- Category : Actor
- Type : GP
- Profile : 1/3 - Investigating / Martyr
- Definition : Split - Small (10,14,15,20,46)
- Incarnation Cross : RAX The Sphinx 1
Nathan Lane (born February 3, 1956) is a two-time Tony Award-winning American actor of stage, screen, and television. He is best known for his roles as Mendy in The Lisbon Traviata, Albert in The Birdcage, Max Bialystock in the musical The Producers, Ernie Smuntz in MouseHunt, Nathan Detroit in Guys and Dolls, Pseudolus in A Funny Thing Happened on the Way to the Forum, and his voice work in The Lion King and Stuart Little. In 2006, he received a star on the Hollywood Walk of Fame, and in 2008 he was inducted into the American Theatre Hall of Fame.
Lane was born Joseph Lane in Jersey City, New Jersey, the son of Irish American Catholic parents. He was named after his uncle, a Jesuit priest. His father, Daniel, was a truck driver and an aspiring tenor who died from alcoholism when Lane was eleven; his mother, Nora, was a housewife and secretary who suffered from manic-depression, and died in 2000. He has two brothers, Robert and Daniel. Lane attended Roman Catholic schools in Jersey City, including Jesuit-run St. Peter's Preparatory High School, where he was voted Best Actor, and years later received the 2011 Prep Hall of Fame Professional Achievement Award.
Accepted to St. Joseph's College in Philadelphia on a drama scholarship, he was accompanied on what was supposed to be his first day there by his older brother Dan. Discovering that the scholarship wouldn't cover enough of his expenses, he decided to leave, and work for a year to earn some money. "I remember him saying to me, 'College is for people who don't know what they want to do,'" Dan Lane said. Because there already was a Joseph Lane registered with Actors Equity, he changed his name to Nathan after the character Nathan Detroit from the musical Guys and Dolls. He moved to New York City where, after a long struggle, his career began to take off, first with some brief success in the world of stand-up comedy with partner, Patrick Stack, and later with Off-Broadway productions at Second Stage Theatre, the Roundabout Theatre, the Manhattan Theatre Club, and his 1982 Broadway debut in a revival of Noël Coward's Present Laughter as Roland Maule (Drama Desk nomination) with George C. Scott, Kate Burton, Dana Ivey, and Christine Lahti.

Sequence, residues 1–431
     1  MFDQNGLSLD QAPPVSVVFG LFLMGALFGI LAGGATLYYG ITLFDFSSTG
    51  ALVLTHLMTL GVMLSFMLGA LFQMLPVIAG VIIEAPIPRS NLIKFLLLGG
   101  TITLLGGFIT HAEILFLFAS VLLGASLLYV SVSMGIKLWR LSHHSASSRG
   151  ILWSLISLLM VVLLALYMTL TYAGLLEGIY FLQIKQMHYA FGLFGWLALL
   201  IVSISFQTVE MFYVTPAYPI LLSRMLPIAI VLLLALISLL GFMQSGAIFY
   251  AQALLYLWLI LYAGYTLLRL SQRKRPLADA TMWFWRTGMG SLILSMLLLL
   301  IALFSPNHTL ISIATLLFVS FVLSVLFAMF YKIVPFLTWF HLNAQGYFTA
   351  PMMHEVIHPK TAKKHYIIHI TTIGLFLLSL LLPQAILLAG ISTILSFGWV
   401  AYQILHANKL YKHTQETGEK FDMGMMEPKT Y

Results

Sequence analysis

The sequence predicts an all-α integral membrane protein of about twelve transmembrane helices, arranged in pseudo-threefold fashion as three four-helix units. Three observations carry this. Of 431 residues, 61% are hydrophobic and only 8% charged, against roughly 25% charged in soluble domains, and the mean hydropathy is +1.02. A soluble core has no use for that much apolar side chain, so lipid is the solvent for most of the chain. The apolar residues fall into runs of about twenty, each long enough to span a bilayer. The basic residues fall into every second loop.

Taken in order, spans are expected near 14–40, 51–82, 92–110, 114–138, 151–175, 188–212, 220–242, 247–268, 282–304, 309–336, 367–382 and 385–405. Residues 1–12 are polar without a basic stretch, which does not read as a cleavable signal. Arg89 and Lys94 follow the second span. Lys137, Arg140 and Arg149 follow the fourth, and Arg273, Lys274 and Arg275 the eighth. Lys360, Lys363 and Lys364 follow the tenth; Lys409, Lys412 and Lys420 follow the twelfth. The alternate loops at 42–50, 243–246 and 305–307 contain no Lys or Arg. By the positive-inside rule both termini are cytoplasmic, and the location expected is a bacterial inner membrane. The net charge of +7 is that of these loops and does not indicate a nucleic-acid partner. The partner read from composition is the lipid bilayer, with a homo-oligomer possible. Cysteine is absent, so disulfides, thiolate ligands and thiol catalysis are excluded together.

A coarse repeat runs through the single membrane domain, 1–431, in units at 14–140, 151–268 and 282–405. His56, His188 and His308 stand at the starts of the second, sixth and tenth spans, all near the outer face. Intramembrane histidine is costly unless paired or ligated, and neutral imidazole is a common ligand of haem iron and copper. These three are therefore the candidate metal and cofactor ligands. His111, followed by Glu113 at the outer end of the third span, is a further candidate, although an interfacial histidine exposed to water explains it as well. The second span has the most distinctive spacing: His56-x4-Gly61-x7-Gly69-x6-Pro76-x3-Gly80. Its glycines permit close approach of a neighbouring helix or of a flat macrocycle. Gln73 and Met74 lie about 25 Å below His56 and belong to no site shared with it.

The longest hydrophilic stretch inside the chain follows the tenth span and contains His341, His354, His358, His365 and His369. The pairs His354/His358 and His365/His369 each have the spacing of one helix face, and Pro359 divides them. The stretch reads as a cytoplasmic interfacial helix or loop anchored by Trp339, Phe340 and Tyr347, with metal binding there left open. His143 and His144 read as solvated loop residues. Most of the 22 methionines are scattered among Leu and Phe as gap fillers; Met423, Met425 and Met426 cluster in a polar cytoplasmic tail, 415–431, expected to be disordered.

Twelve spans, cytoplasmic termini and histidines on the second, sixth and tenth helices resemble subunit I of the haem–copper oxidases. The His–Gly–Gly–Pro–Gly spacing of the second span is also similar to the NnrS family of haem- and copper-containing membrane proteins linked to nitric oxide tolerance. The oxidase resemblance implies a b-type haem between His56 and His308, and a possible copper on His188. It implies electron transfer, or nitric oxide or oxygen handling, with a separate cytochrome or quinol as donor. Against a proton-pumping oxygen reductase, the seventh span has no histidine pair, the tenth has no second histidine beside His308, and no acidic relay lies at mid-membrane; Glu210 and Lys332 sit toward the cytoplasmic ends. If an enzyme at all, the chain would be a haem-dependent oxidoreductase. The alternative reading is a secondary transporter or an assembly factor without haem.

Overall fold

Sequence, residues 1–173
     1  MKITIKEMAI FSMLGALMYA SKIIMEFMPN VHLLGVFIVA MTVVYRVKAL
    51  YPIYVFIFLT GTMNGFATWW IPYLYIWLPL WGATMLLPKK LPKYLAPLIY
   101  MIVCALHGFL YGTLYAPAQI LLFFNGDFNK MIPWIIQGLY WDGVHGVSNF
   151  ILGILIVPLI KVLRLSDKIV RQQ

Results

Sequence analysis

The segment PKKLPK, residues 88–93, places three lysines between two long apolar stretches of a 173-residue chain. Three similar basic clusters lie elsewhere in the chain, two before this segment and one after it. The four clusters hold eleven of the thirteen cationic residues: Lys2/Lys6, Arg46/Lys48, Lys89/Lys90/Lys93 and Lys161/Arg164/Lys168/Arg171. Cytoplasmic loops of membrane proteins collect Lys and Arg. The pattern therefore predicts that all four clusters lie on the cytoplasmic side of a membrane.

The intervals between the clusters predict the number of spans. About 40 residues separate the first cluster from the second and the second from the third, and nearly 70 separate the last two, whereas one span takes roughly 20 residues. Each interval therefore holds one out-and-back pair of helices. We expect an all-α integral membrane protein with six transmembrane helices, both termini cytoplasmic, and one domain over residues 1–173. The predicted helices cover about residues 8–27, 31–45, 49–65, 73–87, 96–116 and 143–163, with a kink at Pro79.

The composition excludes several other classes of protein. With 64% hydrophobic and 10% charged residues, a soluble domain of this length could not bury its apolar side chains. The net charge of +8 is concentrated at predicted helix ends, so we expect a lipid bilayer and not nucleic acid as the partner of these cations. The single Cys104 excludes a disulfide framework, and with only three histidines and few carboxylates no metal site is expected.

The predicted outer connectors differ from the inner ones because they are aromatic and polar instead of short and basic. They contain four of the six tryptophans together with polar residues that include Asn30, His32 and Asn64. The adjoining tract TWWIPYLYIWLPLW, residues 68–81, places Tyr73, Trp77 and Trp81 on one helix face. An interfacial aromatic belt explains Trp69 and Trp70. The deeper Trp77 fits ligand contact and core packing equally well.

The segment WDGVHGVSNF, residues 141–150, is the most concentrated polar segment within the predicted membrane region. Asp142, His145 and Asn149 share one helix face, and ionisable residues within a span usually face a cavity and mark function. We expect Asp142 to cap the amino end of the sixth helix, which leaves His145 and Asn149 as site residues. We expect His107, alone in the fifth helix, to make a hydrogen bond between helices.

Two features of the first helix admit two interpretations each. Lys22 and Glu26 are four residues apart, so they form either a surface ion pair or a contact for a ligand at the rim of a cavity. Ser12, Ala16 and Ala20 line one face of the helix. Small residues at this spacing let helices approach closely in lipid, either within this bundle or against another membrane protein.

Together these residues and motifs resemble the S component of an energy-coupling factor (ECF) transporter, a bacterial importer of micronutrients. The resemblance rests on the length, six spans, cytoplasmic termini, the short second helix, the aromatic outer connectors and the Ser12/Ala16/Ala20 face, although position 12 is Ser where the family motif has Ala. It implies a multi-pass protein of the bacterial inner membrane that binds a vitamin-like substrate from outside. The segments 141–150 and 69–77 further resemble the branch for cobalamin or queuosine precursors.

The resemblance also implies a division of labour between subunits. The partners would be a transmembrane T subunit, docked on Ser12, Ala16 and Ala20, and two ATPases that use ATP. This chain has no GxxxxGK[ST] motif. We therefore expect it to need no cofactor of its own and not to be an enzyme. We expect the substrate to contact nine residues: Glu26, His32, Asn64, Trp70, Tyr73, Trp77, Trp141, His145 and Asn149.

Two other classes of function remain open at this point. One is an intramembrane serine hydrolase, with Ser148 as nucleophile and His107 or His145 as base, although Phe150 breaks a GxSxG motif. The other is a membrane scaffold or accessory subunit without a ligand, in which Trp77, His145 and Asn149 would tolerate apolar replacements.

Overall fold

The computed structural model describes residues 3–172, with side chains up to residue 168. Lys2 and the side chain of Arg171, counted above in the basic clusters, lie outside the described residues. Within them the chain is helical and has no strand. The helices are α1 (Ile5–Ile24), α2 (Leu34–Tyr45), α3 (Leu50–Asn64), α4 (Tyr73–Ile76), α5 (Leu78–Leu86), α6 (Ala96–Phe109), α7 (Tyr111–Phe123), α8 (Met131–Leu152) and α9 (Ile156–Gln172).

His second Broadway appearance was in the 1983 musical Merlin, starring Chita Rivera and magician Doug Henning. This was followed by Wind in the Willows as Mr. Toad, Some Americans Abroad at Lincoln Center, and the national tour of Neil Simon's Broadway Bound.
In 1991, Lane starred with George C. Scott again in a revival of Paul Osborne's On Borrowed Time at the Circle in the Square Theatre on Broadway. In 1992, he starred in the hit revival of Guys and Dolls, receiving his first Tony nomination, as well as Drama Desk and Outer Critics Circle Awards, playing the character who lent him his name, opposite Peter Gallagher and Faith Prince.
His professional association with his close friend the playwright Terrence McNally includes roles in The Lisbon Traviata (Drama Desk and Lucille Lortel Awards), Bad Habits, Lips Together, Teeth Apart, Love! Valour! Compassion! (Obie, Drama Desk and Outer Critics Circle Awards), Dedication or the Stuff of Dreams (Drama Desk nomination), The Last Mile on PBS Great Performances, and the film version of Frankie and Johnny. The early 1990s began a stretch of successful Broadway shows for Lane. In 1993, he portrayed Sid Caesar-like Max Prince in Neil Simon's Laughter on the 23rd Floor, inspired by Simon's early career writing sketches for Your Show of Shows. In 1996, he starred in the hit revival of A Funny Thing Happened on the Way to the Forum, for which he won the Tony, Drama Desk and Outer Critics Circle Awards.